My poverty eventually brought me to the Howard County food bank. I found out about the food bank because there was a memo posted on the bulletin board of the mailroom in my complex. It was down the street from my apartment and all they needed was a recent paycheck and id and bam all the canned goods, frozen meat, cereal, milk, pasta, and other starches I could eat in a month. No one understood why I was there. I wasn’t homeless and my favorite assumption…kids! Nope I still can’t afford food without having made that mistake.
When I moved out of Howard County I technically couldn’t go to the H.O.C.O food bank anymore; now I had to find one in Anne Arundel County. I stumbled across a food pantry in AA County without even looking for it.
I was reading The Gazette and saw an ad for a food pantry at a local church. I made the drive one Friday afternoon when my fridge looked as if Hurricane Katrina rolled through. I was greeted by two middle-aged women, one asked me to have a seat and that’s when the interrogation began. They needed my address, phone number, asked if I was married, and of course asked if I have kids (picture me cringing at the sound of this question). Next, they told me how great I would fit in with all the young adults in their congregation and continued to tell me how “beautiful” I am. They gave me a sheet with the times of all their services and bible studies. I was waiting to hear if there was even the tiniest bit of diversity at the church but of course they never mentioned that.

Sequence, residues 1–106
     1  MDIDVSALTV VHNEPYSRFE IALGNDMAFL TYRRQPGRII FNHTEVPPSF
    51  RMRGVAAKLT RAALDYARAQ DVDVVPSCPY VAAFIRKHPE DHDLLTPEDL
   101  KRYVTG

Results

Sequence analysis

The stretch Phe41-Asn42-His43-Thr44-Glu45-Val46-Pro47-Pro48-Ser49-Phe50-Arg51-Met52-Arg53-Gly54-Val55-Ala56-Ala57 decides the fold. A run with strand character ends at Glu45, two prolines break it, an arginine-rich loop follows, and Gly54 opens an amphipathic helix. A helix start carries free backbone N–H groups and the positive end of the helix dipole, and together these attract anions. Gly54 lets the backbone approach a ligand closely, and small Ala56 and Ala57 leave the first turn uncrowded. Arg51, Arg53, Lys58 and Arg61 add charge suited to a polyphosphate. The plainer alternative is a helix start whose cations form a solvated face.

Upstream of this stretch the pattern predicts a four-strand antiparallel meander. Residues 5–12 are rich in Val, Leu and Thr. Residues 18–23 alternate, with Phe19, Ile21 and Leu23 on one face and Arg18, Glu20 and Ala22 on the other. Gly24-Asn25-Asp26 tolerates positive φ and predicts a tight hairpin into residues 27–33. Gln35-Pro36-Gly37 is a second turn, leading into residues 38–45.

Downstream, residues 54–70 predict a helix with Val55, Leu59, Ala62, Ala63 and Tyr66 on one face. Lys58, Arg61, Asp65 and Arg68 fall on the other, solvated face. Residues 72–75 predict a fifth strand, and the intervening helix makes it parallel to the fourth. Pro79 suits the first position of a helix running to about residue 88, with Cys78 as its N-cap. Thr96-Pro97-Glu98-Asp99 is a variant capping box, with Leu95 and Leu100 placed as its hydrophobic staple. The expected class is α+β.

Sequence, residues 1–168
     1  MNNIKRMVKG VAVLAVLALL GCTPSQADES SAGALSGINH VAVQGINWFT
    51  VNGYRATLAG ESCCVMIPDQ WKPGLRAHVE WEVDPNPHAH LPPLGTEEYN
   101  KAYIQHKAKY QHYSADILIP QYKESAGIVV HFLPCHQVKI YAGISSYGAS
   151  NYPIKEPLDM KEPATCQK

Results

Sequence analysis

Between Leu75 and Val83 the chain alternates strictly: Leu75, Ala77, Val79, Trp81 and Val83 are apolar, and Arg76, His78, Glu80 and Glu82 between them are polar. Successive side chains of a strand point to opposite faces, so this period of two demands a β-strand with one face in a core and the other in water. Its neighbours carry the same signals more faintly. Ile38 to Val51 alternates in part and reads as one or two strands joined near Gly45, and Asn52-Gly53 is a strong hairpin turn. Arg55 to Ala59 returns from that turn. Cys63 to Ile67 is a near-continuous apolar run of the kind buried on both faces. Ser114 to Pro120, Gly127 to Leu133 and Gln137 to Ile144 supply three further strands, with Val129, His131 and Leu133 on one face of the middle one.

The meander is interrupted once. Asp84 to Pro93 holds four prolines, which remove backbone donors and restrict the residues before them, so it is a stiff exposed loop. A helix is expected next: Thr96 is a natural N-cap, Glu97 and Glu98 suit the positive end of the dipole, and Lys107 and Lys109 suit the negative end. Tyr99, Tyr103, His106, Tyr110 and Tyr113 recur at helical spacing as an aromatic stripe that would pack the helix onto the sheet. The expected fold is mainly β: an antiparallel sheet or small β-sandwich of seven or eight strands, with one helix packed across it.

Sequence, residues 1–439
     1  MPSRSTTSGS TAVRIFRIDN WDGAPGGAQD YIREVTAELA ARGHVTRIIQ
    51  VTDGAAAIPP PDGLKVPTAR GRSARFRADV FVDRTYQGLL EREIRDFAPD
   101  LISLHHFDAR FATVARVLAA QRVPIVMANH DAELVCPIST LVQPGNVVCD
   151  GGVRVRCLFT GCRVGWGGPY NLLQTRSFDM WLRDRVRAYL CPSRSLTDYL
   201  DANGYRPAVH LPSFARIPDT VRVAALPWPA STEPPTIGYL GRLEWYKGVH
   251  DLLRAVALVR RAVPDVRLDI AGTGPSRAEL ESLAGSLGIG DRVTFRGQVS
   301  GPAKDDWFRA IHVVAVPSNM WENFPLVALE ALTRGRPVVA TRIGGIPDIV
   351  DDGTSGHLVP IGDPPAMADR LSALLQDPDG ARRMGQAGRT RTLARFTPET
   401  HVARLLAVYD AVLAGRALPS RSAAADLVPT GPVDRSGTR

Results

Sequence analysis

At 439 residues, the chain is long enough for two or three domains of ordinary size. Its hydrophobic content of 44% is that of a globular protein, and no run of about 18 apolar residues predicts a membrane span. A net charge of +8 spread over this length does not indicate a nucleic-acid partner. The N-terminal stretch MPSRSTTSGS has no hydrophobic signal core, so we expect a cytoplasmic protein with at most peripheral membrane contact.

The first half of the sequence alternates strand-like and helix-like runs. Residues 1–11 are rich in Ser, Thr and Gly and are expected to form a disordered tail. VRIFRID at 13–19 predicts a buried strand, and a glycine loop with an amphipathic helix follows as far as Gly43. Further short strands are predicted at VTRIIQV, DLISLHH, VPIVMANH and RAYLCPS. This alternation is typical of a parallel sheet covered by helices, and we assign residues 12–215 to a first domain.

You might not see it the way I do but to me, I went looking for food and instead got a heaping spoonful of religion shoved down my throat. Yum! Maybe this was a sign from God that I shouldn’t have been listening to Pretty Ricky en route to the church.
But wait, it gets worse! I waited to inspect the box of food they gave me until I got home (didn’t want to look like a scavenger). Upon opening this box, I discovered that each and every item of food had a sticker with the churches name and address on it.
How thoughtful! Not only do I need handouts but now all my guests can see that it came right from Fill in the Blank Church of Christ! Way to make me feel good about myself.
I tried to take those stickers off using everything; my nails, a knife, but nothing could falter those degrading little labels. They were practically super glued to all those packages! Are you trying to force your religion on me? Do I really need to see the name of your church every time I put together some tuna or crack open a can of fruit?
Not being able to do something as simple as pay for a meal to put on my table was really an eye opener. I am living in poverty but this is only temporary, this is only for now. I am too determined to never live like this again.
Eventually I gave up on the impossible battle of the stickers vs. Sarah. If you have anything to say feel free to help me peel them off. Maybe I shouldn’t be so ashamed of my circumstances.